Big Tech Has Become Way Too Powerful

The underlying issue has little to do with whether one prefers the “free market” or government. The real question is how government organizes the market, and who has the most influence over its decisions. We are now in a new gilded age similar to the first Gilded Age, when the nation’s antitrust laws were enacted. As then, those with great power and resources are making the “free market” function on their behalf. Big Tech — along with the drug, insurance, agriculture and financial giants — dominates both our economy and our politics.

From Big Tech Has Become Way Too Powerful -


Apple, Google, and Microsoft are all solving the same problems

Between them, Apple, Google, and Microsoft pretty much set the agenda for the entire consumer electronics industry. They employ a great number of the smartest and most creative technologists in the world and produce the most influential innovations. Whether it’s Windows, the iPhone, or Google’s titular search, these three American giants’ contributions have shaped our social and economic milieux as much as our technological one. Their futures promise to be as different as their pasts, however the present products and services on offer from each company show them to be closer than ever. They all seem to be solving the same problems.

From Apple, Google, and Microsoft are all solving the same problems | The Verge


Technological predictions: 1903 - 1970

Popular Mechanics has been making predictions of technological innovations since it first started publishing in 1903. Greg Benford, a science fiction author, has collated some of them in a short book called The Wonderful Future that Never Was. They’re predictions on the future of cities, of transportation, of home life, and more, presented in short blurbs set with hand-drawn futurist art.

From Technological predictions: 1903 - 1970 | Dan Wang


ECPA reform: The 1986 email privacy law might finally get updated.

federal law protects some of your email from government snooping without a warrant. But it doesn’t protect your email if it’s been left on a server for too long, and, worse, it doesn’t protect your metadata—information that can get you arrested and prosecuted, that can reveal intimate secrets about you, and that would expose the entire network of people you talk to. On Wednesday the Senate Judiciary Committee is set to address the first problem, but reform efforts in both houses of Congress have largely passed over the second issue. In dodging the problem of metadata, legislators have missed the forest for the twigs.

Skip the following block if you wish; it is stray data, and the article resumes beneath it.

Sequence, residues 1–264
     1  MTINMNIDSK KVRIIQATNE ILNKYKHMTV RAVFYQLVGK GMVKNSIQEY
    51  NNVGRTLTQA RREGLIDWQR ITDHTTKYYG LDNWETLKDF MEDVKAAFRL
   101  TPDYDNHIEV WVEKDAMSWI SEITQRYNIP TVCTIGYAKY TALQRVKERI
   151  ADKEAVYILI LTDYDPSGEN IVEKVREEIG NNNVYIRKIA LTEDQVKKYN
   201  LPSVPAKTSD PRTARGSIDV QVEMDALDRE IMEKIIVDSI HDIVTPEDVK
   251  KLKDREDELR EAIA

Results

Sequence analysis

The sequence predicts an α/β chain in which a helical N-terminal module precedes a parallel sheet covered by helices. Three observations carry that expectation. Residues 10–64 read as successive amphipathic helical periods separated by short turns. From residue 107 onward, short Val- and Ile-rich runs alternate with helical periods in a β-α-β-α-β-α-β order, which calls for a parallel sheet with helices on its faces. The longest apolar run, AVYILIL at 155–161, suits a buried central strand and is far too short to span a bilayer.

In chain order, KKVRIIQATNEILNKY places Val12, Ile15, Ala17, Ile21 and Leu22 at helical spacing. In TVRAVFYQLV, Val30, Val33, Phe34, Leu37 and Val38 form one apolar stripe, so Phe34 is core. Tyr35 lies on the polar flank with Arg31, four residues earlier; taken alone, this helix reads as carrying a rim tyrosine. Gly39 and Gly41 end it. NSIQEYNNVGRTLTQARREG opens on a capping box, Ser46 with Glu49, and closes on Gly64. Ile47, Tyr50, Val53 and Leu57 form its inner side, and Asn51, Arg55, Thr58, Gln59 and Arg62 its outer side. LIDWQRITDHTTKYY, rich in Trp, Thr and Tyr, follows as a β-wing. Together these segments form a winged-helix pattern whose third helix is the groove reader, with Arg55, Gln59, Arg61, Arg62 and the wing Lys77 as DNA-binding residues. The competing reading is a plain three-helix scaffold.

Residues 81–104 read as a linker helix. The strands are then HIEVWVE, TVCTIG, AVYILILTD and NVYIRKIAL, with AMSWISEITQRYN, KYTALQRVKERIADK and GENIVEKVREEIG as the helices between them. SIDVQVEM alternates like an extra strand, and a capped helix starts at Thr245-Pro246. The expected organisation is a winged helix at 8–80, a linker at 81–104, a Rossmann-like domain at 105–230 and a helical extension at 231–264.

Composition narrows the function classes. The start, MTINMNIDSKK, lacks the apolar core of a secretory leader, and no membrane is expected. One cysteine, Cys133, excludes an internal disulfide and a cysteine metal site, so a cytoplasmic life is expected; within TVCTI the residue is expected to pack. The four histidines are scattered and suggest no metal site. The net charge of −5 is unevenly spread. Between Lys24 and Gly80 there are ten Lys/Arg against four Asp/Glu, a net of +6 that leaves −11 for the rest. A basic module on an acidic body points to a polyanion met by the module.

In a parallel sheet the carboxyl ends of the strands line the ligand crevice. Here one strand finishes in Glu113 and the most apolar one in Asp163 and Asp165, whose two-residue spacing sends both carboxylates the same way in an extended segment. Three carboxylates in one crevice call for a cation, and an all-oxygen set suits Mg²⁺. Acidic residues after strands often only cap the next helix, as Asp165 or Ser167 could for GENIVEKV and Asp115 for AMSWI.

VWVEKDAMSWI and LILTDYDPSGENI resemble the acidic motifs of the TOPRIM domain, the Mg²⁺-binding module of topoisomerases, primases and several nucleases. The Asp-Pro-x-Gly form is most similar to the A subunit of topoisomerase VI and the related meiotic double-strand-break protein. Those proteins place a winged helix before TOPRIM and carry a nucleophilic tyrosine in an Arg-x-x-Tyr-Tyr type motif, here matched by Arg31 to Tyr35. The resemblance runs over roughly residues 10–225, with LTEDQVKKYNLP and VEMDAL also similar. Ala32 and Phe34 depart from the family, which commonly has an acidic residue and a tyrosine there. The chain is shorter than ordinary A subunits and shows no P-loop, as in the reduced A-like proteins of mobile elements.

From ECPA reform: The 1986 email privacy law might finally get updated.

The Trouble With Digitizing History

And even if memory institutions clear copyright hurdles—after countless hours of digital transformations and metadata documentation—they still need to make the sound and video clips findable. Their own online channels stand at odds with other online media platforms in engaging the public. YouTube will inevitably reach more eyes than a little-publicized Library of Congress sub-webpage. If going digital comes with so many caveats, is digitizing a country’s entire audiovisual history ultimately more trouble than it’s worth?

From The Trouble With Digitizing History | Fast Company | Business + Innovation


OS4W: Open Source for Women

Open source is the foundation on which the Internet is built. For its continued success, it's critical to incorporate diverse voices and engage people with different experiences, talents, and viewpoints. Otherwise we risk a world of technology created by, and supporting, a non-inclusive and hostile monoculture.

Together we can make things better. OS4W aims to be a resource for connecting all women, including women of color and transgender women, to open source projects that are welcoming, inclusive, and appreciative of diversity in their contributors.

Let's start changing things and making the world of open source a better place for everyone.

From OS4W: Open Source for Women


Electronic Noise Is Drowning Out the Internet of Things

Radio-frequency noise pollution is everywhere. You can’t see, hear, taste, or smell this noise, of course. Nor can you summon it and study it at your leisure, because it comes and goes along with the movements of its sources or its victims.

From Electronic Noise Is Drowning Out the Internet of Things - IEEE Spectrum

We're heading Straight for AOL 2.0